Sunday, December 16, 2012

The perils of leave-one-out crossvalidation for individual difference analyses

There is a common tendency of researchers in the neuroimaging field to use the term "prediction" to describe observed correlations.  This is problematic because the strength of a correlation does not necessarily imply that one can accurately predict the outcome of new (out-of-sample) observations.  Even if the underlying distributions are normally distributed, the observed correlation will generally overestimate the accuracy of predictions on out-of-sample observations due to overfitting (i.e., fitting the noise in addition to the signal).  In degenerate cases (e.g., when the observed correlation is driven by a single outlier), it is possible to observe a very strong in-sample correlation with almost zero predictive accuracy for out-of-sample observations.

The concept of crossvalidation provides a way out of this mess; by fitting the model to subsets of the data and examining predictive accuracy on the held-out samples, it's possible to directly assess the predictive accuracy of a particular statistical model.  This approach has become increasingly popular in the neuroimaging literature, which should be a welcome development.  However, crossvalidation in the context of regression analyses turns out to be very tricky, and some of the methods that are being used in the literature appear to be problematic.

One of the most common forms of crossvalidation is "leave-one-out" (LOO) in which the model is repeatedly refit leaving out a single observation and then used to derive a prediction for the left-out observation.  Within the machine learning literature, it is widely appreciated that LOO is a suboptimal method for cross-validation, as it gives estimates of the prediction error that are more variable than other forms of crossvalidation such as K-fold (in which the training/testing is performed after breaking the data into K groups, usually 5 to 10) or bootstrap; see Chapter 7 in Hastie et al. for a thorough discussion of this issue).

There is another problem with LOO that is specific to its use in regression.  We discovered this several years ago when we started trying to predict quantitative variables (such as individual learning rates) from fMRI data.  One thing that we always do when running any predictive analysis is to perform a randomization test to determine the distribution of performance when the relation between the data and the outcome is broken (e.g., by randomly shuffling the outcomes). In a regression analysis, what one expects to see in this randomized-label case is a zero correlation between the predicted and actual values.  However, what we actually saw was a very substantial negative bias in the correlation between predicted and actual values.  After lots of head-scratching this began to make sense as an effect of overfitting.  Imagine that you have a two-dimensional dataset where there is no true relation between X and Y, and you first fit a regression line to all of the data; the slope of this line should on average be zero, but will likely deviate from zero on each sample due to noise in the data (an effect that is bigger for smaller sample sizes).  Then, you drop out one of the datapoints and fit the line again; let's say you drop out one of the observations at the extreme end of the X range.  On average, this is going to have the effect of bringing the estimated regression line closer to zero than the full estimate (unless your left-out point was right at the mean of the Y distribution).  If you do this for all points, you can then see how this would result in a negative correlation between predicted and actual values when the true slope is zero, since this procedure will tend to pull the line towards zero for the extreme points.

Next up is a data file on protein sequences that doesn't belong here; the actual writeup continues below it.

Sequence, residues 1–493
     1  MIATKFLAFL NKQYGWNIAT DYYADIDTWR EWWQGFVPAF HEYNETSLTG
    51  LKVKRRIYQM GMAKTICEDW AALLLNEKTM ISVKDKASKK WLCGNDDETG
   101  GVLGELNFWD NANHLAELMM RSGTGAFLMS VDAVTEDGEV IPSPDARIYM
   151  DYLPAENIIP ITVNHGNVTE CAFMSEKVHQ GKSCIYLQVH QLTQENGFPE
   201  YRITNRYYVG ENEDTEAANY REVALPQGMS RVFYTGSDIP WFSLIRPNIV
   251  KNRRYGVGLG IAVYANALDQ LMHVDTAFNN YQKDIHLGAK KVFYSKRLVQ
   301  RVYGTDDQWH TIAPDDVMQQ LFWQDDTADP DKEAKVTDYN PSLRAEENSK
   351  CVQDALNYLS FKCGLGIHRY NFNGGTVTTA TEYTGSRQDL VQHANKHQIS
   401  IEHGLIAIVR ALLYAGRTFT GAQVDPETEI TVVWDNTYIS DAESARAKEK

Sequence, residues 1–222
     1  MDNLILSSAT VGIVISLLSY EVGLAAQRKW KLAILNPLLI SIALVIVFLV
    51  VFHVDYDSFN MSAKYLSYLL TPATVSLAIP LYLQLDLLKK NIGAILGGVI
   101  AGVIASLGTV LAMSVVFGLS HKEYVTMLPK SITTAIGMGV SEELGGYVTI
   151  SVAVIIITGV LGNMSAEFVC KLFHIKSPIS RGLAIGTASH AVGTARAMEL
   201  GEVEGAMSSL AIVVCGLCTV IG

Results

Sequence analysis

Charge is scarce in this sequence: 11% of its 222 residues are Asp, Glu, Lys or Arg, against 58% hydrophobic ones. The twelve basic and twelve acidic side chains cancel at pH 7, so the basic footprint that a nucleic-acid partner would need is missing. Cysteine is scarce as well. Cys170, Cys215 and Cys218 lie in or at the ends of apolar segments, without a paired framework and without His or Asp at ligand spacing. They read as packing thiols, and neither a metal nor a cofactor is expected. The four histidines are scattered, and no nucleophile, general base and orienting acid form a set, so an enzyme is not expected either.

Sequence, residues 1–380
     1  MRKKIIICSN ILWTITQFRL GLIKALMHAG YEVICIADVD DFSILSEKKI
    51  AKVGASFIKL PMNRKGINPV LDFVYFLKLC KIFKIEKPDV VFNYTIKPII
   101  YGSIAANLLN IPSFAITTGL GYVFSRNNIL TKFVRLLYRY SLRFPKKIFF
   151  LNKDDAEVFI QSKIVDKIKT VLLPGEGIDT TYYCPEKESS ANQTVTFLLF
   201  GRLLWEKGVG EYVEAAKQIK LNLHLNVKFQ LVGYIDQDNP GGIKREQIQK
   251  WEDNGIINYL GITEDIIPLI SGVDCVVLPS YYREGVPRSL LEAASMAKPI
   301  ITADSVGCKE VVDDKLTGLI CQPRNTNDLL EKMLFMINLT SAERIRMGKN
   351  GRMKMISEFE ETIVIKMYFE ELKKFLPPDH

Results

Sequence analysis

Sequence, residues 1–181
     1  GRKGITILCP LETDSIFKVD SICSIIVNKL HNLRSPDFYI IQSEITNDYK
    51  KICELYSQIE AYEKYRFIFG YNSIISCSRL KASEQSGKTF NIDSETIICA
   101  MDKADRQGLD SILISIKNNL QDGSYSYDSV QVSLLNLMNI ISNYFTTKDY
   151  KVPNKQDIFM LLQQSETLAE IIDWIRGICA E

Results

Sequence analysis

To see an example of this fleshed out in an ipython notebook, visit - the full code is also available at  This code creates random X and Y values and then tests several different crossvalidation schemes to examine their effects on the resulting correlations between predicted and true values.  I ran this for a number of different samples sizes, and the results are shown in the figure below (NB: figure legend colors fixed from original post).

The best (i.e. least biased) performance is shown by the split half method.  Note that this is a special instance of split half crossvalidation with perfectly matched X distributions, because it has exactly the same values on the X variable for both halves.  The worst performance is seen for leave-one-out, which is highly biased for small N's but shows substantial bias even for very large N's.  Intermediate performance is seen when a balanced 8-fold crossvalidation scheme is used; the "hi" and "lo" versions of this are for two different balancing thresholds, where "hi" ensures fairly close matching of both X and Y distributions across folds whereas "lo" does not.  We have previously used balanced crossvalidation schemes on real fMRI data (Cohen et al., 2010) and found them to do a fairly good job of removing bias in the null distributions, but it's clear from these simulations that bias can still remain.